We are still inundated with garlic scapes so we will send some more one last time. These will keep for weeks even months in the fridge so don’t feel the need to use them quickly. The broccoli and the peas on the other hand should be used as soon as possible; especially the English or shell peas. These turn starchy very quickly. We will begin to have more sugarsnaps (edible pod) soon and these hold their sweetness much better. 

The summer squash is coming in heavy now so there will be more in the shares. We are back to radishes for the root vegetable this week, except for those who did not receive their salad turnips last week. We will have beets for you next week. Broccoli is becoming abundant and if you did not get it last week you should see it this week. Those who received broccoli will get kale. 

The share for this week will be: Lettuce, summer squash, garlic scapes, radishes (or salad turnips), broccoli or kale, kohlrabi, spinach, choice of escarole or frissee, peas and choice of cilantro or dill. 

Enjoy! 
Farmer John 

Posted 6/26/2016 11:36am by Judy Crane.

Hello Everyone, 

So we waited with a mixture of anticipation and dread for the severe storms predicted for Saturday. We badly need the rain but worried about the high winds and potential for hail. In the end we got no rain at all, only 2 days of high winds that have been wreaking havoc with our crop covers and drying out the soil even more. There is some hope for precipitation at the end of the week; in the meantime we will be moving the sprinklers around from field to field to keep the crops growing and the seeds germinating. 

The good news is that the shares size will nearly double this week with lots of new crops beginning to mature. The broccoli has begun to head and we will send it to some groups as availability allows. Those not receiving broccoli will get kale for this week and broccoli next week or the week after. We will also be sending bunches of broccoli leaf which is almost as nutritious as kale and in my opinion more palatable. I sauté the leaf with onions and blend this with milk for a delicious base for cream of broccoli soup. Summer squash has also started to produce; small quantities for this week; more in weeks to come. We have peas, mostly English- the shell type. 

The sugarsnap peas will become more abundant in the coming weeks. For lettuce we have a speckled romaine-an heirloom variety called Forellenschlus. The heads are usually fuller but with the drought they may begin to bolt and will get bitter. Garlic scapes are here! These are the flower tops of the plant and can be grilled, chopped finely and sautéed or blended to make a pesto. Hakurei salad turnips are a sweet, baby size treat intended to be eaten raw, although many folks prefer to cook them. They have beautiful greens- great for braising or sliced into ribbons mixed into salad.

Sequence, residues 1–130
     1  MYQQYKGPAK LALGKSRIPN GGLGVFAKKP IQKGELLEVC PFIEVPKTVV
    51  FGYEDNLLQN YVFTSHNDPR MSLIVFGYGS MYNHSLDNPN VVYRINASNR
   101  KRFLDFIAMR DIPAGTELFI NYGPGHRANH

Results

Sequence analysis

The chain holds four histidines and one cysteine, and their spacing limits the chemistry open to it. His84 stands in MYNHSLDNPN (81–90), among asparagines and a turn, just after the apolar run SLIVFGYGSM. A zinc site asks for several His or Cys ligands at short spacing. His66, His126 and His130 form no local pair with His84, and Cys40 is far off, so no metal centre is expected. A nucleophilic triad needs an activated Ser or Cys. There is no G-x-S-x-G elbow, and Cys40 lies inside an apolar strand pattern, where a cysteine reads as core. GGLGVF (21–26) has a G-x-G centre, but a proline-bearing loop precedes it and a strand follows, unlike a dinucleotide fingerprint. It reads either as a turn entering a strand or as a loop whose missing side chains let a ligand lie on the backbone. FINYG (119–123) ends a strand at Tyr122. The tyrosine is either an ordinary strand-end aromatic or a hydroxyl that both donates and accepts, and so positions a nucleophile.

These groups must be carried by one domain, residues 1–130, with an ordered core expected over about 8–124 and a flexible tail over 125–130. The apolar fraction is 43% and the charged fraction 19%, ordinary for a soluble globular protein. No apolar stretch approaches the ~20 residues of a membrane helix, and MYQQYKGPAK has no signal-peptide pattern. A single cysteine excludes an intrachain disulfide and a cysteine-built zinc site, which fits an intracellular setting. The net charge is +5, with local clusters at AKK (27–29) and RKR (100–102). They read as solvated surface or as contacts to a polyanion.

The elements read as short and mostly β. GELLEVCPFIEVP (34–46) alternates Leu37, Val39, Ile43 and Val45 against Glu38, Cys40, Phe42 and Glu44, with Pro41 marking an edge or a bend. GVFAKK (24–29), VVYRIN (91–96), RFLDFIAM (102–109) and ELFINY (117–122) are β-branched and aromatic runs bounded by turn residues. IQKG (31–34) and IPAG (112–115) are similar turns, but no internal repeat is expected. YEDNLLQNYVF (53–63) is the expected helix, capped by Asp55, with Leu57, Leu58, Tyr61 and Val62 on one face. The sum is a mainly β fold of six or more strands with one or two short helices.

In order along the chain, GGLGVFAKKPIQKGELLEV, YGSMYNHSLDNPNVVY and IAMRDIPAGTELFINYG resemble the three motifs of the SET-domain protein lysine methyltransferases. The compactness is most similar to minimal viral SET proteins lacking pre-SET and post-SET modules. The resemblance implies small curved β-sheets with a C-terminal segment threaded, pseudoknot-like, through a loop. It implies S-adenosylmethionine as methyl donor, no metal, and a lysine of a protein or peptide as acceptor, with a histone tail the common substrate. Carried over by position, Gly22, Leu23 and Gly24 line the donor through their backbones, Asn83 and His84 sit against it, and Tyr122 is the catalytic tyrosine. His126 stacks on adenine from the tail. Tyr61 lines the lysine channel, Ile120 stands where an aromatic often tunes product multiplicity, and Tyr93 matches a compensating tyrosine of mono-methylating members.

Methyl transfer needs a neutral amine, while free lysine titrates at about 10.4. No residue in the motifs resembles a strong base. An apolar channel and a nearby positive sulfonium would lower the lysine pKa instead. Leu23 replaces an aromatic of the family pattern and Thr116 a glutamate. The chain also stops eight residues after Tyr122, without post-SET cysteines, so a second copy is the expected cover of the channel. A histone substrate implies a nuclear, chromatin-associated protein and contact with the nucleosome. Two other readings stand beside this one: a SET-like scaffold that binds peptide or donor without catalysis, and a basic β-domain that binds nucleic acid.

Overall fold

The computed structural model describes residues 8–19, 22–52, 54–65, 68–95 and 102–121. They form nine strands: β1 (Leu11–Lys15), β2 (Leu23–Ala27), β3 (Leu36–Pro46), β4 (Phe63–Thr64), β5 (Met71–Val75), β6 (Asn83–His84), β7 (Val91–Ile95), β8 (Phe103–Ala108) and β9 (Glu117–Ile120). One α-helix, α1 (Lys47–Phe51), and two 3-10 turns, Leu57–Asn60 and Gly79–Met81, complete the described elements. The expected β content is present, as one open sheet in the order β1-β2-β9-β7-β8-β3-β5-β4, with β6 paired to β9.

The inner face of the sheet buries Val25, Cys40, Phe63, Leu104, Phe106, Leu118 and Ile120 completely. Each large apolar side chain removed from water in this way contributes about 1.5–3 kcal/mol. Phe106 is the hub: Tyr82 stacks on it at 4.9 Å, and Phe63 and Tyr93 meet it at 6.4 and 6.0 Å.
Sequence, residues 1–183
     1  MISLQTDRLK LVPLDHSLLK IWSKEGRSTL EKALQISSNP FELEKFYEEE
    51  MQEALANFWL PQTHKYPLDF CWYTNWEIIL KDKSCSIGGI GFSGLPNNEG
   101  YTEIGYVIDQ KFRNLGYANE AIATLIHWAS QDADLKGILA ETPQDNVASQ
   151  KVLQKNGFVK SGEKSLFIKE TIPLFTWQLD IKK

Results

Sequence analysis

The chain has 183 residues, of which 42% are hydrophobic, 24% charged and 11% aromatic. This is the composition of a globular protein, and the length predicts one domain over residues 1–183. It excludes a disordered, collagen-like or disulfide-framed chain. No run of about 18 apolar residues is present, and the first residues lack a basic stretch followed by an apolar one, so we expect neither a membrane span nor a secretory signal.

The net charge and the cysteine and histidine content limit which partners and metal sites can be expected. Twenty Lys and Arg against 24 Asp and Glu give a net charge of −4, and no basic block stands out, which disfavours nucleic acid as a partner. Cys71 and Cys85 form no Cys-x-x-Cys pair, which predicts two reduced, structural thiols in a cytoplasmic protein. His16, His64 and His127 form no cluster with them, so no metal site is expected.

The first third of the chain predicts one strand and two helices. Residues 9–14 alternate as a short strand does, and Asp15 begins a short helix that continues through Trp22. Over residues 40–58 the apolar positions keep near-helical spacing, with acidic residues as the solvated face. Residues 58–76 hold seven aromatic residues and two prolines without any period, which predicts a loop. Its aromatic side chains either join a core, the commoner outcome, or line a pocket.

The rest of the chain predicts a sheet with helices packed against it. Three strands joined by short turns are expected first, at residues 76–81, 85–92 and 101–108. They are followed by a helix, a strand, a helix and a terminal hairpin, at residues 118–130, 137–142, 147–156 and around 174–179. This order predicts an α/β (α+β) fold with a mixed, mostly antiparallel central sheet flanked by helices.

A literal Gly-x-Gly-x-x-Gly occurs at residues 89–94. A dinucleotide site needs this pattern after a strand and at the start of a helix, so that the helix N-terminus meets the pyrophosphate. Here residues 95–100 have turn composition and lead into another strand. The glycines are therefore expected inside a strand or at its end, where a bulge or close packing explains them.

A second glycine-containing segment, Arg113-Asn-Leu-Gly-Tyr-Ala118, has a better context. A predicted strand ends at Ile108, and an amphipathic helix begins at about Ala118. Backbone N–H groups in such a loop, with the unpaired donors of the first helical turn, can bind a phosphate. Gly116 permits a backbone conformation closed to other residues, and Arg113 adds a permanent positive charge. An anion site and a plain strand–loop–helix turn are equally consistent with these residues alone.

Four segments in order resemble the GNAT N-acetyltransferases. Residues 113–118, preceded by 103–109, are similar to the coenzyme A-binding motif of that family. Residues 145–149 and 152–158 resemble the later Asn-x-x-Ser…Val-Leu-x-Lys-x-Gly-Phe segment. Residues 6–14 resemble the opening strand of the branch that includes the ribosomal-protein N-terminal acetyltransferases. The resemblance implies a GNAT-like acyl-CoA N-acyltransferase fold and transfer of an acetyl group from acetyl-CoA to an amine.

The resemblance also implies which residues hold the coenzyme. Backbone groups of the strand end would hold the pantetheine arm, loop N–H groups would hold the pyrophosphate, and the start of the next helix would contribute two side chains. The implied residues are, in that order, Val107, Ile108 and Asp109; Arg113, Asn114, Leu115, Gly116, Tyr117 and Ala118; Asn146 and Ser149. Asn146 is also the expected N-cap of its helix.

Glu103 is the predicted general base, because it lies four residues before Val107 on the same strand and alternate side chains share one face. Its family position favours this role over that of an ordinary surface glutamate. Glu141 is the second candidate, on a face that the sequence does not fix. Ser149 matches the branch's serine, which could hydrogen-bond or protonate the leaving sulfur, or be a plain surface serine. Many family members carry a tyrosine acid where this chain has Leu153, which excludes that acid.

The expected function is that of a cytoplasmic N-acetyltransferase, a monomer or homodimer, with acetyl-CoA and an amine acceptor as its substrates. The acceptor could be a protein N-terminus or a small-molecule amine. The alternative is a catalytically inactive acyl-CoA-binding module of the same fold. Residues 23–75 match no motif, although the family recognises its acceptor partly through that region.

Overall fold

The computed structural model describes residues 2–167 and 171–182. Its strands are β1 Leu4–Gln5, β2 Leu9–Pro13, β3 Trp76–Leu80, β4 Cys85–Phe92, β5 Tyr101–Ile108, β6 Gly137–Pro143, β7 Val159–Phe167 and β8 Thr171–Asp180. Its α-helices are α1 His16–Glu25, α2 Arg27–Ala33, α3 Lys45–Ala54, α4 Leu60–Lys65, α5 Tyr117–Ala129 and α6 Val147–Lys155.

The share for this week will be: Forellenschlus romaine, salad turnips, garlic scapes, spinach(2 bunches), broccoli or kale, summer squash, choice of escarole or endive(frissee), peas, bok choy and choice of cilantro or dill. 

Enjoy! 
Farmer John 

Posted 6/5/2016 6:58am by Judy Crane.

 Hi Folks,  

We finally got some rain here at the farm on Sunday, just over an inch. We need more but are grateful for what we receive.  We have essentially lost the first planting of arugula, broccoli raab and tatsoi as a result of the dry conditions and the heat wave. It had been under siege from a pernicious pest-the flea beetle and was covered with an Ag fabric to protect it.  Because it was hidden and because we are so busy with all our other planting I missed seeing that it was beginning to bolt to seed.  We have another planting so perhaps we will have more in a few weeks, if not it is always much better in the fall.   

We will try to salvage what we can for this week. We do have beautiful spinach and lettuces and in the coming weeks there will be Swiss chard, escarole and frissee.  The garlic scapes are late this year; we should have some next week. Peas will begin next week as well. It’s a small first delivery but it will be increasing substantially each week.

The share for this week will be:   2 bunches of spinach, 2 types of lettuce, radishes, arugula or tatsoi and choice of an herb (chervil, garlic chives or mint). We have sunchokes that we will offer as an extra.

Enjoy!  

Farmer John